Workers in the hospitality industry are heading for a crisis

Dr Liz Hind

Hospitality is both one of the worst hit sectors by the virus and one with a disproportionate number of young, low-paid, insecure workers. A vast majority working in the sector have been furloughed during the coronavirus crisis. Business groups and trade unions had called for the furlough scheme to be introduced to protect against mass redundancies and ensure that – once safe to do so – businesses would be ready with the staff and expertise in place to reopen quickly.

Furlough represents a massive investment in our businesses and workers. For it to be judged a success, we would expect to see a return on that investment with jobs and livelihoods saved and an economy that is able to restart quickly. But in his announcement on Sunday, Boris Johnson said that some hospitality businesses may be able to open at the beginning of July.

Business owners like me, and the workers that rely on us, are anxiously waiting to see what will happen at the end of June when the furlough scheme is currently due to end – when we know that it will be at least a month before we can open. Even if we allow pubs, clubs and restaurants to reopen, it is clear that with social distancing in place they will have to do so at a reduced capacity with extra staff. It will make businesses unviable.

Business organisations and Labour have been calling for more flexibility in the furlough scheme to allow for part-time working, so that we can ease workers back into their jobs and get companies back on their feet. This is particularly important in businesses where each member of staff will have specific expertise that is needed for the whole process to work. This is a way to ease out of the lockdown and get people back to work.

Hospitality workers will need longer to return to work because of the requirements of social distancing measures. If we need them to stay at home, then it is only fair that we support them in doing so by extending the furlough scheme – with no penalty to them. Both increased flexibility and an extension to the scheme are supported by the Labour frontbench and have been called for by business.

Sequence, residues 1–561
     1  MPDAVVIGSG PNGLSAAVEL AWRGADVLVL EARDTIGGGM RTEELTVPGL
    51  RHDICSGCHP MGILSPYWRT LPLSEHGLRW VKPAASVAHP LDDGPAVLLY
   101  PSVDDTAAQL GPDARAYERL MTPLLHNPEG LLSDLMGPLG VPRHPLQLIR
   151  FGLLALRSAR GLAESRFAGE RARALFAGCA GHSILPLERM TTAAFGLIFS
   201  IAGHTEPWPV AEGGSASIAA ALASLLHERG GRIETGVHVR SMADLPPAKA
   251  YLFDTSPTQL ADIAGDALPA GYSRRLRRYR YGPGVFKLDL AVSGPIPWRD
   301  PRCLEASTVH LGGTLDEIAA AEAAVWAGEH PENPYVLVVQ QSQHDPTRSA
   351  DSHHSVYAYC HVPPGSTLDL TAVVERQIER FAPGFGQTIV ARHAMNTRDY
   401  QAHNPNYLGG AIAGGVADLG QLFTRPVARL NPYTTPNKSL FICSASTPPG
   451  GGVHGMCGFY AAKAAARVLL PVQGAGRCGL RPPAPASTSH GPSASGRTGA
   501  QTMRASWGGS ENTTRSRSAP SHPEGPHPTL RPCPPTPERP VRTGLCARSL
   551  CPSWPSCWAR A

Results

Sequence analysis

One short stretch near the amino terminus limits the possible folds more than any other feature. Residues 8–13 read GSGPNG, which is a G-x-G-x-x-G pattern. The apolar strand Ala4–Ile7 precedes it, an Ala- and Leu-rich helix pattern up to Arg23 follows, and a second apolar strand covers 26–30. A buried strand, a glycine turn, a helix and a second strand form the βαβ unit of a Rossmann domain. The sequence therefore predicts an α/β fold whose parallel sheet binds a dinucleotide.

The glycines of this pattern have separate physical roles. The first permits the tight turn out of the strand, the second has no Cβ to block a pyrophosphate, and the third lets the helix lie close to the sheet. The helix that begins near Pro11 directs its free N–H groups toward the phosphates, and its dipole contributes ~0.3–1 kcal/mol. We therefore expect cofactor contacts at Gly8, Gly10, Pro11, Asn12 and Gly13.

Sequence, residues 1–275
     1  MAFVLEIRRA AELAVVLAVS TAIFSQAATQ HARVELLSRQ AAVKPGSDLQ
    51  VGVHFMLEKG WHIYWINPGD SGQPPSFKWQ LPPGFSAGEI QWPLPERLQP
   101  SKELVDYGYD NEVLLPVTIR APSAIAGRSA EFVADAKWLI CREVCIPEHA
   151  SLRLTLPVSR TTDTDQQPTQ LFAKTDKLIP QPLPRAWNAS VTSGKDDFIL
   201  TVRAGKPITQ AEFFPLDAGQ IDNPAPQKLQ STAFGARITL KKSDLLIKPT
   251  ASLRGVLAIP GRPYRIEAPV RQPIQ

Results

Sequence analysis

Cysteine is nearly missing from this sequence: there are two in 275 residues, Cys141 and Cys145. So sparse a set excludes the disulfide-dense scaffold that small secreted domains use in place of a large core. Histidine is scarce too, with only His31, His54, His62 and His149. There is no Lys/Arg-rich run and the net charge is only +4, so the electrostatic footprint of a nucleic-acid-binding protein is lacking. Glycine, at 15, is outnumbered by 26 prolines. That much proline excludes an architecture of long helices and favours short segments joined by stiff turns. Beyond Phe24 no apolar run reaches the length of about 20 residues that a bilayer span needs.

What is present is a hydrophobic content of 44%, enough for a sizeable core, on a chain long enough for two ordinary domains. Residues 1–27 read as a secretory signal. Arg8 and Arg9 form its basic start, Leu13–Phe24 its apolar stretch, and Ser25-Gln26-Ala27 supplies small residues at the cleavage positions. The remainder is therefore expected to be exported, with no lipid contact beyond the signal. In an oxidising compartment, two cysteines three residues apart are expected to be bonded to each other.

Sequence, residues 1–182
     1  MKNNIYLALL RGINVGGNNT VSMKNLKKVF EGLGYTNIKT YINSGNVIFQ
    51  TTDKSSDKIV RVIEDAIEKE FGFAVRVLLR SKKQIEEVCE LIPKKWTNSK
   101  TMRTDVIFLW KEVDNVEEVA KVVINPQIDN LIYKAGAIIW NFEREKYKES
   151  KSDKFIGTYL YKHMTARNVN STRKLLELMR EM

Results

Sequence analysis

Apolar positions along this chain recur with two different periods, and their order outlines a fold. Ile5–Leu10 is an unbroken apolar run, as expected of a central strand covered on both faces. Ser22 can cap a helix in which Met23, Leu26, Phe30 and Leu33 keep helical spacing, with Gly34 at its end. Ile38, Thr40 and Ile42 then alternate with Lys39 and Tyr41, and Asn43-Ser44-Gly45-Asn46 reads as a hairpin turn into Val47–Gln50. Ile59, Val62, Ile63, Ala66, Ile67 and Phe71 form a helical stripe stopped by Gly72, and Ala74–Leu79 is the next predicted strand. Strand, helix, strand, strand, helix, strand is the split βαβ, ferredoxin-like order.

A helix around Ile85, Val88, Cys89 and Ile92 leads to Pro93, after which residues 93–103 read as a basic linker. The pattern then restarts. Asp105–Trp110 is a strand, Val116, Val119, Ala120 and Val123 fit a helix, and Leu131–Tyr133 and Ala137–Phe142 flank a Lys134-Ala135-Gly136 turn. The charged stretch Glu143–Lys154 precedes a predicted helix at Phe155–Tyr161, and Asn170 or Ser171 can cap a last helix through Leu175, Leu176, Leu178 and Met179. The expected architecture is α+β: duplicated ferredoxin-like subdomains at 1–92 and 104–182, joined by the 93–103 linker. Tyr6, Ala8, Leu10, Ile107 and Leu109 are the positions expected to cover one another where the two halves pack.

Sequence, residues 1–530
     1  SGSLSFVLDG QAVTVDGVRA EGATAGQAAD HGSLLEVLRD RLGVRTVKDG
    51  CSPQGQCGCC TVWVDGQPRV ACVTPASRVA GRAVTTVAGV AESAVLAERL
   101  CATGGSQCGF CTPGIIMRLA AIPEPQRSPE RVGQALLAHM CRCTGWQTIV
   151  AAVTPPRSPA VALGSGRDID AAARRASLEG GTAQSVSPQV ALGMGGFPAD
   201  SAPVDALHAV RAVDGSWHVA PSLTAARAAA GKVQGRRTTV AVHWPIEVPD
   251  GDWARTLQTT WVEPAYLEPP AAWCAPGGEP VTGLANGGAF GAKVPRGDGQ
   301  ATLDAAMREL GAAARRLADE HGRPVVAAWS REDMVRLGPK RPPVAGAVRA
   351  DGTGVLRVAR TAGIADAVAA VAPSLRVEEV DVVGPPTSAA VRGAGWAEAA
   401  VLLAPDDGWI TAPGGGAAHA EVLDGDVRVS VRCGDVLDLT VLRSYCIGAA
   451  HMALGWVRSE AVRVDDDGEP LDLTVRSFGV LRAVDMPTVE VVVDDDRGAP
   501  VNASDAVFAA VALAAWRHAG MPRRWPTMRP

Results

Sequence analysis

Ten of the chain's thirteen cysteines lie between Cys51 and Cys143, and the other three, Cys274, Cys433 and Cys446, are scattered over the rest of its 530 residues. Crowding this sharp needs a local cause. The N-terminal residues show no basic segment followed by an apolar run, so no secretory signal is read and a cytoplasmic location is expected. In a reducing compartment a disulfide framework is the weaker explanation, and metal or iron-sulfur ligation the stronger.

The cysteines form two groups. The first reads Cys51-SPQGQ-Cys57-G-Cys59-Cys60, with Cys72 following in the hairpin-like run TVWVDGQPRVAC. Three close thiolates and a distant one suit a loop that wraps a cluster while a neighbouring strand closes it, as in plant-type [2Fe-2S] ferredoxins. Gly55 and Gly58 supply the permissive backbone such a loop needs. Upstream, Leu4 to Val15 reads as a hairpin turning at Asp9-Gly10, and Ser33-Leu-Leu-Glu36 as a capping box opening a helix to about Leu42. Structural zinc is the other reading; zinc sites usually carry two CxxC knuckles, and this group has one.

Instead of sensible measures that will allow a gradual restarting of the economy, we are faced with the possibility that the amount of help will be reduced to 60%. Hospitality would be heavily affected by such a move – there is no way to avoid that. Few expect pubs, clubs and restaurants to be able to open until the end of August, two months after the furlough scheme is supposed to end.

Even an August opening will depend on whether individual businesses will be able to enforce social distancing measures and remain profitable, which for many is impossible. And reducing furlough pay to 60%, while employers cannot open up and make a profit, is a cliff edge for workers. Staff won’t have enough income on furlough to pay bills but the businesses that they rely on cannot open up again, forced to remain closed for public health.

While on furlough, employees can look for other work and undertake training. What they can’t do is create jobs from thin air. Tory dogma has always been that people only need to be poor in order for them to go and find work. Their thinking is that conditions for workers should be made increasingly difficult to motivate them to find work. Yet hospitality workers will be trying to find work at the same time as millions of others – there is no magic job tree.

We are heading towards a crisis for these workers. If, as seems likely, we are about to see large numbers of hospitality staff unemployed, then we should be using this time to mitigate that crisis. They will need free retraining and assistance to redeploy to other sectors. And they should not have support gradually taken away from them unless there is something to replace it. We have some time to work it out. Let us not waste this opportunity and lurch into another crisis.

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